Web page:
For Karla Johanning of KJ Scientific, her passion is to study how we affect the environment and how the environment affects us. Karla is a long-time scientist who has worked in many different fields including environmental, cellular, molecular, and human research.

With KJ Scientific, the company focuses on environmental toxicology by testing compounds that end up in the environment. These experts are protectors of human health as they test for pesticides in fragrance materials for large companies.

In the entire world, only two other main competitors exist. One lab specializes in services and the other specializes in products. With KJ Scientific, this sets them apart as they are the only company that specializes in both. Additionally, KJ Scientific prides themselves in that they do not test on animals.

Karla has been taking a regulatory approach on cannabis by analyzing and testing hemp, extraction oils, and other products. Karla and her team will be testing the potency of THC and CBD, pesticides, toxins, and terpenes, so that the hemp growers can comply with the Texas hemp regulations.

By law, hemp must be less than 0.3% THC. As testing for hemp is a growing need in America, Karla saw this as a new business opportunity and has recently co-founded a subsidiary called, KJ Scientific Independent Testing, which is dedicated purely to this service. With plans of officially launching at the end of 2019, the lab will primarily focus on the Texas market and will eventually expand nationally.

Karla stresses that it is very important that people know what they are doing when they purchase CBD products. As cannabusinesses take off, regulations are always behind. There are no current legal standards, and it is very important for the consumer to understand what they are purchasing.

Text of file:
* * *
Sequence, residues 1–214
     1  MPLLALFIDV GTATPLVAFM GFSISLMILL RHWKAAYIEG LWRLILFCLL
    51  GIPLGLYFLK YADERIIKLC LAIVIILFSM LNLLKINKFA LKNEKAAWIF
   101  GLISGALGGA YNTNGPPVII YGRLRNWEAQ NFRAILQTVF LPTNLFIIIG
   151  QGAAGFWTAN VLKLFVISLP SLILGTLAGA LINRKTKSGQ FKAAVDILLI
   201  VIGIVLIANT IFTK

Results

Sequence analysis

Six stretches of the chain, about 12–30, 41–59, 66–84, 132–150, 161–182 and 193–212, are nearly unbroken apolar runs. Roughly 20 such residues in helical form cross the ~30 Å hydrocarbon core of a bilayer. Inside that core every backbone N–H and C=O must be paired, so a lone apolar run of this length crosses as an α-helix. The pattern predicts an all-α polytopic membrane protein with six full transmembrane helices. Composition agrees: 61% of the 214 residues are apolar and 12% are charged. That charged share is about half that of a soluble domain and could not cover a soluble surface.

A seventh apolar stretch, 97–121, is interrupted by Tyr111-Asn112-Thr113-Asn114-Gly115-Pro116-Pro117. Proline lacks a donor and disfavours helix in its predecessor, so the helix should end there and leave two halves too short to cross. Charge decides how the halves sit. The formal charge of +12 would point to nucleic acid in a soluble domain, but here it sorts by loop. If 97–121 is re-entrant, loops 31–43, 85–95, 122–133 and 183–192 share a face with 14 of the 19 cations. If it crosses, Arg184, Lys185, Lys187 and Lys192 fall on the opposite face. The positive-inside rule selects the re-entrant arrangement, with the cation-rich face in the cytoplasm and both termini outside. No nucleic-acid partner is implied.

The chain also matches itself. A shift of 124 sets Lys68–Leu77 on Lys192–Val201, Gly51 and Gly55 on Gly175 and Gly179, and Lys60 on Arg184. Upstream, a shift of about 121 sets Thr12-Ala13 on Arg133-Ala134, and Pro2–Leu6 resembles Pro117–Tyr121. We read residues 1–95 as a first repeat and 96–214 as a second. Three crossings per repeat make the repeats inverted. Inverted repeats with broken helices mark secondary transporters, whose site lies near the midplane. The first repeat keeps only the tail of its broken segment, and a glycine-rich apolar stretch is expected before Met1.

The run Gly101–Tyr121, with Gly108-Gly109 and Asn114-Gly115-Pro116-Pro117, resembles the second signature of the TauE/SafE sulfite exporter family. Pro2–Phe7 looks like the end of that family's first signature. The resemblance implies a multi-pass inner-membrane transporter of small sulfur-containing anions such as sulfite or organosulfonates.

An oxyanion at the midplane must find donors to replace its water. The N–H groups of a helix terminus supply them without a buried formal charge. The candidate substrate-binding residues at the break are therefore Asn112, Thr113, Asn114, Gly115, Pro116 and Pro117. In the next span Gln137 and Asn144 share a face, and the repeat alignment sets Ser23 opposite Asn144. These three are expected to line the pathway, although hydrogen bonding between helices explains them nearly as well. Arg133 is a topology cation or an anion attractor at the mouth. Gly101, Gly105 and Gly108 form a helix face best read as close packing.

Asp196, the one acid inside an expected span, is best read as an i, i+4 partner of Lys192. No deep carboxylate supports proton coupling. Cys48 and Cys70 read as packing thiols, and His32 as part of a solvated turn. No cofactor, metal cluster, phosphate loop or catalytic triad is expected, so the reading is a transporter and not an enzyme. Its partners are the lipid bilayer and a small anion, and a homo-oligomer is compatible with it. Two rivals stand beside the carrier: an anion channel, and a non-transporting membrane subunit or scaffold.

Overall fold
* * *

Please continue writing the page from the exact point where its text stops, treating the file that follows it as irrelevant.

Karla believes that this expansion into a new venture will align perfectly with their mission, which is to ensure the safety and quality of a product, as well as sustain and protect the quality of the environment. Karla emphasized that, “For hemp, we can begin using our technology to start asking the questions. What will the impact of the hemp industry be in a few years? Should we worry? What will the growing impact of marijuana and its disposal be? Nobody else has yet addressed this. So, let’s discuss.”

Since joining the cannabis industry, Karla has noted that surprisingly, many females are leading the movement. After attending her first cannabis conference in New Orleans, Karla found that there were women in trade associations and organizations dealing with hemp at the national level. Lawyers, entrepreneurs, and businesswomen were all gathered to connect and learn about the rise of cannabusinesses.

Karla stated, “it was nice because as a female scientist, I find many more women nowadays. The male dominated world is rapidly changing. It’s always a struggle. But here I am a founder and CEO of a startup, moving along. So being new in the hemp industry and seeing more women is very refreshing.”

When asked about the future of KJ Scientific and KJ Scientific Independent Testing, Karla said she aspires to be the most recognized lab that has the reputation for conducting the highest standards in testing. Karla stated, “This is my passion. I don’t have kids of my own but just because I do not have kids, it doesn’t mean that I am not concerned where the world is going. My generation, and older generations should be in front of you, saying, we are here. What do we need to do in order to have a better future? It’s not all about money for me. I’m an older woman and I’m still very idealistic.”

When starting a business, Karla advises other entrepreneurs to, “always be fearless. Always think, what is the worst thing that can happen? Nothing. You are in a good place. Be fearless. If you believe in something, go for it. As an entrepreneur you will jump from one idea to the next until you hit it. Fine. That doesn’t make you a failure. Enjoy the process. The process is very hard but rewarding. You will not only learn about people and business, but you will learn a lot about yourself.”

To say that these Texas pioneers are simply working in the cannabis industry is an understatement. Each startup is making it their life mission to address greater environmental and socio-economic issues.  As the United States sits on the brink of being a fully legalized cannabis nation, it is essential to support innovative entrepreneurs that strive to improve the quality and standards for a rising market.